New roles planned for Notts children’s disability team after ‘marked increase’ in referrals

Six new posts within Nottinghamshire County Council’s children’s disability team are planned following a ‘marked increase’ in referrals.

Thursday, 13th January 2022, 1:42 pm

The authority is seeking approval for the extra roles at a cost of £229,259 after an increase in waiting times in recent years.

The occupational therapists will work with district councils to provide adaptations for children with disabilities – enabling them to access equipment and housing needs more quickly.

Six full-time and one part-time role would be created under the plans.

County Hall, Nottinghamshire Council's headquarters in West Bridgford.

A report says since the current team structure in the integrated children’s disability service was approved in 2017, ‘there has been a marked increase in referral numbers and complexity of children’ which has had a ‘detrimental effect on waiting times’.

Waiting times are now 18 months for an occupational therapy assessment, five months for an occupational therapy seating assessment, and eight months for an occupational therapy assistant assessment.

Members of the council’s children and young people’s committee will vote on the plans during a meeting on Monday, January 17.

The roles include occupational therapists as well as an assessment officer and service organiser.

A temporary occupational therapy senior practitioner will also be made permanent under the plans.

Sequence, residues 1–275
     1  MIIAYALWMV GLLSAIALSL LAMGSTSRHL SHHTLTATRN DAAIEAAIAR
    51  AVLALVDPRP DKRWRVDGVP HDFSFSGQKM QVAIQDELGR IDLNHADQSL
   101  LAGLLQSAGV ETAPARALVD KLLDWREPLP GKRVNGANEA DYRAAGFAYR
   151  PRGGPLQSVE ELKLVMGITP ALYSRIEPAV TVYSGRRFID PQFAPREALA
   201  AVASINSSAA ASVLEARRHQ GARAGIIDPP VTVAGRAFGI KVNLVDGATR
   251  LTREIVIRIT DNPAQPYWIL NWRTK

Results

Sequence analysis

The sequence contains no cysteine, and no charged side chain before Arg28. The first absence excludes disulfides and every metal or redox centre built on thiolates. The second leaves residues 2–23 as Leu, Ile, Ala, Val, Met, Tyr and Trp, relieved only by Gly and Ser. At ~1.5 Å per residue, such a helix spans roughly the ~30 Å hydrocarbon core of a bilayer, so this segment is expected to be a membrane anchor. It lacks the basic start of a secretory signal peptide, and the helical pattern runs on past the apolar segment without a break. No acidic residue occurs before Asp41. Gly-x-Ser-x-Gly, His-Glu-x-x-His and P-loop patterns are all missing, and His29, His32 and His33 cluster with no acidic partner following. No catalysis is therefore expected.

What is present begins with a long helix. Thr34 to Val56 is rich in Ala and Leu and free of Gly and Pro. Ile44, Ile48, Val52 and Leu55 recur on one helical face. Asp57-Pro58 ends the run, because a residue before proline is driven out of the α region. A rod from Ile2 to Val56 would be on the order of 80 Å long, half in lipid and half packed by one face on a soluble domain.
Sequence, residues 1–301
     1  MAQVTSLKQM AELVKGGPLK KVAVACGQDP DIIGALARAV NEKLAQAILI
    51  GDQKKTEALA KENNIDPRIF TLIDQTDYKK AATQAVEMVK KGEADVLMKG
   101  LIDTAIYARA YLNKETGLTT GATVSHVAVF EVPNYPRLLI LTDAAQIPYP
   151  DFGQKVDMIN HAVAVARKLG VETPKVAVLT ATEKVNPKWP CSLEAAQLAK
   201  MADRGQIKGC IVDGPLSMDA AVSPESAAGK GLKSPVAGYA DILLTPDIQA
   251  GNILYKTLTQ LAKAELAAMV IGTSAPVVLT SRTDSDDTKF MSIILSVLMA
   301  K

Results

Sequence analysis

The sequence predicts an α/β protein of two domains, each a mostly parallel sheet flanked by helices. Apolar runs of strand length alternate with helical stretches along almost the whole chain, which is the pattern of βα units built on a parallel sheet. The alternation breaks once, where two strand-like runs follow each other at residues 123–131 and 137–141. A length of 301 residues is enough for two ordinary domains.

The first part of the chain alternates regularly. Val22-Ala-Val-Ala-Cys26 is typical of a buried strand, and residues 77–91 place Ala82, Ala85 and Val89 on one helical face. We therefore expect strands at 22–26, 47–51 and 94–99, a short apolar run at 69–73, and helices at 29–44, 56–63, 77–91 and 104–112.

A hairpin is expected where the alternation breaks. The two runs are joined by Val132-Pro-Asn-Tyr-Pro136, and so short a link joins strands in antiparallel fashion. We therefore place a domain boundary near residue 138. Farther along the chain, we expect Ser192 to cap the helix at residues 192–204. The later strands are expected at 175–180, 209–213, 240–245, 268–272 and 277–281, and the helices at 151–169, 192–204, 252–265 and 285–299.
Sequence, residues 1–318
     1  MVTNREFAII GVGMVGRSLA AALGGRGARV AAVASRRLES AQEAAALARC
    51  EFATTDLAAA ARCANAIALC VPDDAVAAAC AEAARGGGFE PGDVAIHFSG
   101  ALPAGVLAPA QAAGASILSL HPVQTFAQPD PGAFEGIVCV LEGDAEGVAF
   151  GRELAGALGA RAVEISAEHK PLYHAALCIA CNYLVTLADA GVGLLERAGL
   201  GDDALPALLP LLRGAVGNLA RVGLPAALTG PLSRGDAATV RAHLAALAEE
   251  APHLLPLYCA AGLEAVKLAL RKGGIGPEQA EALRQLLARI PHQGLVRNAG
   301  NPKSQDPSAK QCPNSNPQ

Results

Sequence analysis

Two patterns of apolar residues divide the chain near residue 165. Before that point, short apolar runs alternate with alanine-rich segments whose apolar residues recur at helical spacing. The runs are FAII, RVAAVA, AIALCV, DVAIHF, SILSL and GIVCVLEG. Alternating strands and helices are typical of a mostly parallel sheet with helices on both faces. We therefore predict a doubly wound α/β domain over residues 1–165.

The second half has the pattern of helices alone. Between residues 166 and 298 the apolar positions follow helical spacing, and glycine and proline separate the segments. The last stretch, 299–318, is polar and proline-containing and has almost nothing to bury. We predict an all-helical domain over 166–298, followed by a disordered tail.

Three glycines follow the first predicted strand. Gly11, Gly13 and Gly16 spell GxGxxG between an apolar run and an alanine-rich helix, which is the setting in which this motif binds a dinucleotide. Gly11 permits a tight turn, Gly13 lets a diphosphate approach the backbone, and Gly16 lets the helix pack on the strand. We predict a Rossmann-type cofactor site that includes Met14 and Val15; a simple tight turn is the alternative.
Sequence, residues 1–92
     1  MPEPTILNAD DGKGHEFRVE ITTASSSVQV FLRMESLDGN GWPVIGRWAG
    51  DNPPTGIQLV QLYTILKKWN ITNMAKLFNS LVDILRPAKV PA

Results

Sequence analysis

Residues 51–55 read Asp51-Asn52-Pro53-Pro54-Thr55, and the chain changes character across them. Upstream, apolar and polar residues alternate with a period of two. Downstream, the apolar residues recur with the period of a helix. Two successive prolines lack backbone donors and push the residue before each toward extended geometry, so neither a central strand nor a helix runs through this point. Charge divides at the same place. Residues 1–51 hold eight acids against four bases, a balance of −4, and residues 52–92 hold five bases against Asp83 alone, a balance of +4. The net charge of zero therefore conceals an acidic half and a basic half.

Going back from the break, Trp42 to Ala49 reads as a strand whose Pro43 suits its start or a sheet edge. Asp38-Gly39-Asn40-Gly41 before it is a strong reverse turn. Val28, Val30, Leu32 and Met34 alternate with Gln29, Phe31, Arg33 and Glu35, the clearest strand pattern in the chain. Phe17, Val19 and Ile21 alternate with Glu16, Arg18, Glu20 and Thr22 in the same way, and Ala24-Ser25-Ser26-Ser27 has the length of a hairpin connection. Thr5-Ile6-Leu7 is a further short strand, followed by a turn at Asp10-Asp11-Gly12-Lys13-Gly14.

Council documents stated: “The ICDS children’s disability occupational therapy team is responsible for providing dedicated occupational therapy assessment, planning and support for children and young people who require major and minor adaptations and specialist equipment to ensure their safe care at home and to maximise their wellbeing and independence.

“The role of the children’s occupational therapist is to assess a service user’s specialist equipment and housing needs and to consult and work in partnership with health and social care colleagues and council grants officers to deliver appropriate equipment and housing adaptations to meet the assessed needs.

“Consideration has been given to the use of temporary agency staff. There is a national shortage of suitably qualified staff with social care and paediatric occupational therapy experience and the cost of agency staff is very high.

“Creating full-time, permanent posts will allow the council to invest in training staff, providing them with the skills they need to achieve positive outcomes for children with disabilities and their families.”

If approved, the new roles would come into affect on April 1.

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